Arkansas Promissory Note Templates

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An Arkansas promissory note is a legally binding contract between two parties, a lender and a borrower.

Its purpose is to outline the details of a loan and act as proof of the existence of that loan. A promissory note typically includes information about pertinent loan details, such as interest rates, payment dates, and how payments will be made. They should also include clauses that further define the loan, such as attorney fees, severability, and prepayment.

Promissory notes must comply with Arkansas law to be considered valid. Arkansas Code Title 4 regulates promissory notes related to business or commercial law, for example. Promissory notes related to higher education fall under Arkansas Code Title 6.

There are two types of Arkansas promissory notes: secured and unsecured.

Arkansas Secured Promissory Note

To enter into a secured loan, the borrower must provide some form of collateral. Common types of collateral include cars, homes, or other items of value. In the event of nonpayment, the lender can legally take possession of the agreed-upon collateral to recover the loan’s cost.

Most financial institutions require secured loans unless the borrower has outstanding credit or high net worth.

Once the loan is repaid in full, the lender must provide the borrower with a written statement relieving them of any further payment obligations.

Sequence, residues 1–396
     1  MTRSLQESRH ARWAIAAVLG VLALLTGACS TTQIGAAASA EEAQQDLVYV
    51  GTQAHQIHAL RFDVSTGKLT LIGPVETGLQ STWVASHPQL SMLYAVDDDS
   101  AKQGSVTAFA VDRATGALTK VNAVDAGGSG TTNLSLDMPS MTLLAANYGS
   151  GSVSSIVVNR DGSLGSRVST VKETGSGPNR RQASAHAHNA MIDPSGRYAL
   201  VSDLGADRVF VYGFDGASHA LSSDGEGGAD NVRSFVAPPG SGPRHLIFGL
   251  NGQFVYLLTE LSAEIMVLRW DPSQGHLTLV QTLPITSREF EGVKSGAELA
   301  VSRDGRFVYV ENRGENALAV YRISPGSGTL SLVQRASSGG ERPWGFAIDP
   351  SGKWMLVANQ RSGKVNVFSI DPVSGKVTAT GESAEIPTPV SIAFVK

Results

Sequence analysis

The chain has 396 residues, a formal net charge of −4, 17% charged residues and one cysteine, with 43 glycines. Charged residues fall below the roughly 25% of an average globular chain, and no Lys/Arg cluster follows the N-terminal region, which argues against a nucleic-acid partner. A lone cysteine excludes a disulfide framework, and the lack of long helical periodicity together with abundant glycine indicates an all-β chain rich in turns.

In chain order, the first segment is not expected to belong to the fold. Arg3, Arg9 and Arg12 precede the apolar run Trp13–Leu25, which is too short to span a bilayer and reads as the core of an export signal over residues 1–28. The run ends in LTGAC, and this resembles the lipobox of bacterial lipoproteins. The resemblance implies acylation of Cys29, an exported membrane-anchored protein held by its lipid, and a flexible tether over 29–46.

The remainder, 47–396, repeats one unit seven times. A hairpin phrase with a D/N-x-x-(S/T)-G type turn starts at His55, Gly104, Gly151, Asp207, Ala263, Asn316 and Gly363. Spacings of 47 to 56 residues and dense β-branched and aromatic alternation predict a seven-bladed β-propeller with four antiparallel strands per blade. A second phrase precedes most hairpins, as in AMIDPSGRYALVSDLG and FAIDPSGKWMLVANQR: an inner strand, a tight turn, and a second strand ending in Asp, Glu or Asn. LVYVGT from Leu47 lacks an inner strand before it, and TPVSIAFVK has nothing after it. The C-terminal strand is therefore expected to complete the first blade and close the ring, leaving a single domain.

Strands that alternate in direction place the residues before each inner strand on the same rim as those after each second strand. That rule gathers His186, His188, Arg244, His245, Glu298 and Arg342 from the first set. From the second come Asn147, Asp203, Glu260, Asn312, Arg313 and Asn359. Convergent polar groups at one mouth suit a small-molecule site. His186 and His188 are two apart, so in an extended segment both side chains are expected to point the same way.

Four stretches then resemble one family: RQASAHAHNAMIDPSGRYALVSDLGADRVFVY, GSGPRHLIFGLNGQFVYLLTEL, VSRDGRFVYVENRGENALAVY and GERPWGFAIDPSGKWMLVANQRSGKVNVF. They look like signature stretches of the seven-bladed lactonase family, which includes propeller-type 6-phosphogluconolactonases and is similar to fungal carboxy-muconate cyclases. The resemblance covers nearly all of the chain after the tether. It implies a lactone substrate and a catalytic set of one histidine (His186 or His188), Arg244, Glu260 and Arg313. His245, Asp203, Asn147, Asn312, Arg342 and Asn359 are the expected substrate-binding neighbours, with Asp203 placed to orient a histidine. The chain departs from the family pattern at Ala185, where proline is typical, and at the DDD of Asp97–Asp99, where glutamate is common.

Arkansas Unsecured Promissory Note

An unsecured promissory note has no form of collateral backing it, which makes it a more risky loan for a lender. As such, it’s more common among family members and close friends.

Should the borrower default on their payments, the lender must resort to taking the borrower to small claims court (if the total amount remaining is less than $10,000). They can also report the nonpayment to a credit agency.


For a promissory note Arkansas form to be binding, both parties must sign and date the form. Any co-signers must also sign and date the form. Signing the promissory note with a notary is not required, though it can help answer questions about the form’s legitimacy in the case of a dispute.

Should the borrower default on the loan, the lender can take the borrower to small claims court. They can also contact a collection agency to recover the cost owed.

A master promissory note consolidates multiple loans. The most common example of an MPN is in the case of student loans.

Promissory notes typically include interest, and the amount of interest that can be applied depends on the loan structure. Applying too much interest on a promissory note is illegal, and doing so can render your contract illegal. The maximum usury rate in Arkansas is 17%, which is set forth by theArkansas Constitution.